Inaccurate listings — Users state they have ran into issues where photos of apartments and condos have been photoshopped and sometimes even totally different than what they end up seeing in person
Timing — Apartments—especially affordable ones end up being leased very quickly. There is not a lot of time to deliberate between roommates because by the time they decide, it’ll be gone
“One listing had a view of central park photoshopped into the bedroom window… we got there and I was looking into a brick wall”
There needs to be a better way for users to synthesize all of the real estate options within New York City on their own, escaping exorbitant broker fees all while prioritizing group collaboration.
With NYC’s rent rates at an all time high, collaboration is critical because all of my interviewees have stated that roommates are necessary to supplment the rent cost.
I created a user persona to represent my interviewees. They’re all millennials looking for a change and yearn for collaboration between roommates as all of them need roommates to supplement the cost of housing.
A user story is used to describe goals that the user hopes to accomplish by using the software. For me, this is a good way to focus my design choices around the user, not personal bias.
From my surveys and interviews I have determined a user story that shows what the user prioritizes when it comes to real estate apps.
1. As a user, I want to be able to be able to see all that NYC has to offer without dealing with the hassle of fake listings and excessive fees
2. As a user, I want to be able to collaborate quickly with my roommates to find an apartment that suits our needs
3. As a user, I want to use an app that makes sure what I’m shown is what I’ll be getting once I sign a lease
The experience for users need to be collaborative enough to fix the current issues with apartment hunting within New York.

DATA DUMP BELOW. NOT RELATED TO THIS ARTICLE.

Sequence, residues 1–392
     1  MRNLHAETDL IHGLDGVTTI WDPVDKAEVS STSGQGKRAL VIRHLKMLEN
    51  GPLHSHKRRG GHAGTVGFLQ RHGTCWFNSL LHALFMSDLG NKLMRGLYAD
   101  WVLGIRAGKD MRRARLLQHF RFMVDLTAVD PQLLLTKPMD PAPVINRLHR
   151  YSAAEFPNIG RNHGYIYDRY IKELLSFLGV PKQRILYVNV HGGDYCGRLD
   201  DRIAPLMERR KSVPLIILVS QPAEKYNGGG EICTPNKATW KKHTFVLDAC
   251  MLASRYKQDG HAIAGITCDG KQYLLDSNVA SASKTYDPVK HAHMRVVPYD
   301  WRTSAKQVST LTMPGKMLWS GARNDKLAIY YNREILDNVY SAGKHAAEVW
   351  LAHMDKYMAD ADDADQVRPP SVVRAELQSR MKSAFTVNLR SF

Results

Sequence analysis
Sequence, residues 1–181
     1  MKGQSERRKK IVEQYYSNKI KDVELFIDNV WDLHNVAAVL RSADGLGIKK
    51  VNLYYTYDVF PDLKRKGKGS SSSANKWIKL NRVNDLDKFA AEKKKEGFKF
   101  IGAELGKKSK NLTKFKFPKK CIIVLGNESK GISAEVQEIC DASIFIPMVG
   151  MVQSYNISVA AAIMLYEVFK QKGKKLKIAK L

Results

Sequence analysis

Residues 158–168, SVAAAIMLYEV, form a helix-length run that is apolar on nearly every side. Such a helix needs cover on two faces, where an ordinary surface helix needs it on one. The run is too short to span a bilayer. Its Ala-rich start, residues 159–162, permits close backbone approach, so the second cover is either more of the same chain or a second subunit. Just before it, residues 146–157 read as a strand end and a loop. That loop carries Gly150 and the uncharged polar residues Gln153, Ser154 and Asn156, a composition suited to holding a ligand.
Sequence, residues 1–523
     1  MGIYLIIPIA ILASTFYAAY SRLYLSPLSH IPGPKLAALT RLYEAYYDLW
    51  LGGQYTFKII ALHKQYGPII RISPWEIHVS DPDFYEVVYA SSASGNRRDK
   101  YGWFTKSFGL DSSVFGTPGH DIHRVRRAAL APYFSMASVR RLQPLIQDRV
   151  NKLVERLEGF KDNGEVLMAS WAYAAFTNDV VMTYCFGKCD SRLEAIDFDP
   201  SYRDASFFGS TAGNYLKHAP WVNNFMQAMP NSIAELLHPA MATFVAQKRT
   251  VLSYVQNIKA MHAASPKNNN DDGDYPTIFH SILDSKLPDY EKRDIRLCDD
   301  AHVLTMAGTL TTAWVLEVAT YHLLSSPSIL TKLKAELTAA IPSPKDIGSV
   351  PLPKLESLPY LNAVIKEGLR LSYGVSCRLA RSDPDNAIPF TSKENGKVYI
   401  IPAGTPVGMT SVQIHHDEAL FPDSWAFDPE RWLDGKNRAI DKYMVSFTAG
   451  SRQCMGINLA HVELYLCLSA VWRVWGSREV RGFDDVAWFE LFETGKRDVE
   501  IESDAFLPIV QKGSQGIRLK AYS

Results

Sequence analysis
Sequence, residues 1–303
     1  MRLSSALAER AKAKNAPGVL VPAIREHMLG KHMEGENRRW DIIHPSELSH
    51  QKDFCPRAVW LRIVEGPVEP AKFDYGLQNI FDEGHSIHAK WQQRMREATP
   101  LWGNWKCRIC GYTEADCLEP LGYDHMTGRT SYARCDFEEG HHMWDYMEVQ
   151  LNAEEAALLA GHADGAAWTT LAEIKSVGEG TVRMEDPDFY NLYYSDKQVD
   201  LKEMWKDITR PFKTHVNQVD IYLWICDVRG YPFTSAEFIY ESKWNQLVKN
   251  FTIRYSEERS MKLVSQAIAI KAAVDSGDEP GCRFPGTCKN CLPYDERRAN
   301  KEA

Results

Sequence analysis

Apartment hunting isn’t easy. Nor is it the most enjoyable experience. Sensible design will allow users to make this aspect of their life easier.
Low-Fidelity wireframes exploring how to incorporate VR/360° images into the existing platform
Click Here to View an Interactive Prototype
(Works best on Desktop)
I sent my prototype to a few people who have used Streeteasy and they liked how it fit right into the existing platform as an added feature, not a “in-your-face” function. While useful, respondents questioned the practicality and wondered if it will actually make finding the right apartment or home easier.
I mentioned to users (however it wasn’t a huge part of my project) that they would have the option to put their phone into a VR device such as Google Cardboard to have a more immersive experience. While the 360° photos with a “tour guide” felt natural, putting their phone into a device is asking too much.
I’m also worried about the quality of 360° images and if they provide enough scale to be viewed correctly while being able to focus on the apartment. If this process can be streamlined, it might be worth looking at VR more closely for apartment hunting.
Return to Home
It’s hard enough to find an apartment in a location you want at the right price point. I think the idea of using VR capabilities or even just 360 photos to give “interactive tours” of apartments and homes is something that could be useful in the future—but for right now, I’m not sure the technology is advanced enough whereas it would make a huge difference.
Also, taking true 360° images could pose an extra step and more headaches when it comes to people listing their space for rent. If this were to become a real feature, Streeteasy would need to take some control over how the listings are set up in order to provide a good experience for users.
The added features need to be familiar to existing users as well as intuitive enough for new users. This will create a seamless integration while maximizing success.
Multidisciplinary Designer & Art Director